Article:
Saturday, July 03, 2010
Rereading Anne of Ingleside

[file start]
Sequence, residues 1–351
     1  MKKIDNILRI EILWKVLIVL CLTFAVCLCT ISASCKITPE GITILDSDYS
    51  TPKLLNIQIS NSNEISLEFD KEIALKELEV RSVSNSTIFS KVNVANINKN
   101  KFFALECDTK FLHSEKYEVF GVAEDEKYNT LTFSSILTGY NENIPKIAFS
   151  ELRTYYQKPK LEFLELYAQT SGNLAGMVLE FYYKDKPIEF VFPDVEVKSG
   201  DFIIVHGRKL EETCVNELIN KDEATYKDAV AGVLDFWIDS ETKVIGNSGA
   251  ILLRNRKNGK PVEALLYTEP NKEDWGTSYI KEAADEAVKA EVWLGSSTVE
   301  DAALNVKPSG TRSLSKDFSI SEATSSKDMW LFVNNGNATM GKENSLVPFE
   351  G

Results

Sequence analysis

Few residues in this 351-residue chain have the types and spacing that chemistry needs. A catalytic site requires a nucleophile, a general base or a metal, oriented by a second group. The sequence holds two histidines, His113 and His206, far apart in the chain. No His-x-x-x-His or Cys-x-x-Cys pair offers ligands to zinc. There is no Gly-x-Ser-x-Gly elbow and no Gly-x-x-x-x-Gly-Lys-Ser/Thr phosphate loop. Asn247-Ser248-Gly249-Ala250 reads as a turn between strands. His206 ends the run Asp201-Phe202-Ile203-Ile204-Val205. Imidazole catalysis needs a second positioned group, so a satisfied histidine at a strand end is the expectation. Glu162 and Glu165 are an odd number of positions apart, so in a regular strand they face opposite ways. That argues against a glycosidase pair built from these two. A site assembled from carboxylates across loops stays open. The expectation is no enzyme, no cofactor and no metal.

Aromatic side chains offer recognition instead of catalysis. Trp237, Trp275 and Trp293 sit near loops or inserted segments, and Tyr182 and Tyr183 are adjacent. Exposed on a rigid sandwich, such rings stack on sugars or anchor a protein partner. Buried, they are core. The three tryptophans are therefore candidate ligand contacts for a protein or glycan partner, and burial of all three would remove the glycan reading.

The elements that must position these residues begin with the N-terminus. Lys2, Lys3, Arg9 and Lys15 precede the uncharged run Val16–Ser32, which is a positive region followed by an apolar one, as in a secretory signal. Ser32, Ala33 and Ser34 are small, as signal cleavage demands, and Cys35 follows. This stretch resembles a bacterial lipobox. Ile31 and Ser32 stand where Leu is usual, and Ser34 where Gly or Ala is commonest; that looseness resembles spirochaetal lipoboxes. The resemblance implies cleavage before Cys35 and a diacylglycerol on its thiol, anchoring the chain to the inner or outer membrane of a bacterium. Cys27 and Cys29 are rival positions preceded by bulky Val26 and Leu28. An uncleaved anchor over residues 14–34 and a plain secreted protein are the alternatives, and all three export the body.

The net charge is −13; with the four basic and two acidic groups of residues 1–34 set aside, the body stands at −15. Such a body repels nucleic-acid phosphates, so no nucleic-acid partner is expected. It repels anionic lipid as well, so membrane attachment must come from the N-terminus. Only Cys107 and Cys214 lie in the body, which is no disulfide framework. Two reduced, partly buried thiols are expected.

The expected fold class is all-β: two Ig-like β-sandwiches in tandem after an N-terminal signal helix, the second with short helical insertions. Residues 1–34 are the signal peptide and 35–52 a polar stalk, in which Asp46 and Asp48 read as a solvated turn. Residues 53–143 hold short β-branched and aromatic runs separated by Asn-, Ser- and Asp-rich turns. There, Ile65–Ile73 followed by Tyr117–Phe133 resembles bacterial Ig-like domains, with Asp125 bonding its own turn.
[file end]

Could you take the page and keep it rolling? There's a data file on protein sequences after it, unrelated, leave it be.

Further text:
After this latest reread, Anne of Ingleside remains my least favourite Anne book, and my least favourite but one L.M. Montgomery novel. Anne's children are noxiously cute and her perfect motherhood cloying. But I'm glad to have dipped back into it all the same for the dark undercurrent in it that intrigues me. I remembered the story of Peter Kirk's funeral, and of Anne and Gilbert's anniversary reunion with Christine Stuart as strong points of the book. But I don't think that I'd noticed before that most of the rest of the episodes in it, even the cutesy kid ones, are also tales of disillusionment. I'm looking forward to reading The Blythes are Quoted with this fresh in my mind and thinking about these books together as examplars of what editor Benjamin Lefebvre terms Montgomery's "late style." Also, speaking of style, this time around I appreciated how well structured Anne of Ingleside is, weaving deftly through seasons and years and in and out of key moments in different characters' lives, and thereby painting a rich picture of the Blythe household and the broader Glen St. Mary community. Finally, the meeting of Susan Baker and Rebecca Dew, two of my favourite characters in Montgomery's oeuvre and indeed in literature generally, is in itself worth the price of admission. What fun Montgomery must have had writing that bit of dialogue and the correspondence that followed. On now to a reread of Rainbow Valley.